Cable operator Comcast has agreed to pay some $16 million to settle a class-action lawsuit over selectively blocking traffic from peer-to-peer networking applications in the name of “network management.” The case goes back to 2007 when the Associated Press first exposed Comcast blocking BitTorrent uploads by forging shutdown messages; the practice was later confirmed, and the Federal Communications Commissions sanctioned Comcast for “secretly degrading” the performance of its network, and ordered the company to implement transparent network management practices by the end of 2008.
Comcast doesn’t admit to any wrongdoing in the settlement.
Comcast customers hoping to cash in on the settlement may be disappointed, however: individual payments to an individual class member in the suit are limited to $16. Comcast Internet customers who used selected applications in a period between April 2006 and December 2008 may be eligible for compensation, according to a settlement Web site.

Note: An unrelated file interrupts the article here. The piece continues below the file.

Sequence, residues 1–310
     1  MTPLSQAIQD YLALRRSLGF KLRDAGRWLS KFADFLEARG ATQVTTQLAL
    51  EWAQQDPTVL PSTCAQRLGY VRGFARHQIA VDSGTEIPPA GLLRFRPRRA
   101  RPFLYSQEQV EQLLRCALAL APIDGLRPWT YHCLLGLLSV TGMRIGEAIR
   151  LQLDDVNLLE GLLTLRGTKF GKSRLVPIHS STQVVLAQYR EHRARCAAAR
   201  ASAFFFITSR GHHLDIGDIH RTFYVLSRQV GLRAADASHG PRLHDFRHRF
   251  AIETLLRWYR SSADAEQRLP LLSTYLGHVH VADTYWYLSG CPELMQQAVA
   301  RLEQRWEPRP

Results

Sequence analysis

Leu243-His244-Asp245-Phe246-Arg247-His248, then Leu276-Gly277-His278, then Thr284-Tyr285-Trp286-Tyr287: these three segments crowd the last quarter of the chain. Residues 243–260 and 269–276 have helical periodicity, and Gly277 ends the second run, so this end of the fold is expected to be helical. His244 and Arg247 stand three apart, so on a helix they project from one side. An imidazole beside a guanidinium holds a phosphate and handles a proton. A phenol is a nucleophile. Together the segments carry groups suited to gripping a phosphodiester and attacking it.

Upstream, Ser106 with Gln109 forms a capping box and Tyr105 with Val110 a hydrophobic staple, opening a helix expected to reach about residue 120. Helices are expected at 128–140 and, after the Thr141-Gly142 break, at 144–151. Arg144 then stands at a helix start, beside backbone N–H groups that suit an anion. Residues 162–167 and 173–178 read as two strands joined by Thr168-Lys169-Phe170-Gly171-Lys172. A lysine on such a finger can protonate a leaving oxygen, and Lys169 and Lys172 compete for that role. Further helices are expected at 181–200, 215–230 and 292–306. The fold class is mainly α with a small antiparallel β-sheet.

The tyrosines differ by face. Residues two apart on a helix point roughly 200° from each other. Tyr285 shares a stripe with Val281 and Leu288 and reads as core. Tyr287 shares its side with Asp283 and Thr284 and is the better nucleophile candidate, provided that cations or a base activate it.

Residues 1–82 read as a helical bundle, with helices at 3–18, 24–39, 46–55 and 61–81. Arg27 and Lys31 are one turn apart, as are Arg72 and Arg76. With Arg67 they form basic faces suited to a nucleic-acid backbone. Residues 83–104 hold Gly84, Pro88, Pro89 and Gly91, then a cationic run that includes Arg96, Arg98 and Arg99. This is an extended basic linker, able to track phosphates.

Since the fracas over shutting down P2P traffic, Comcast has introduced usage caps for its most enthusiastic broadband customers (currently 250 GB per month), but is appealing the FCC sanctions, claiming the agency does not have the authority to penalize Comcast for violation of agency guidelines, rather than actual regulations or legislation.
- The best VPN services for 2022
- VPN Test: How to see if your VPN is working
- We tried a bunch of VPNs and this one is the best for Netflix
- The best VPN for Linux for 2022
- Are VPNs legal? Can you get in trouble for using them?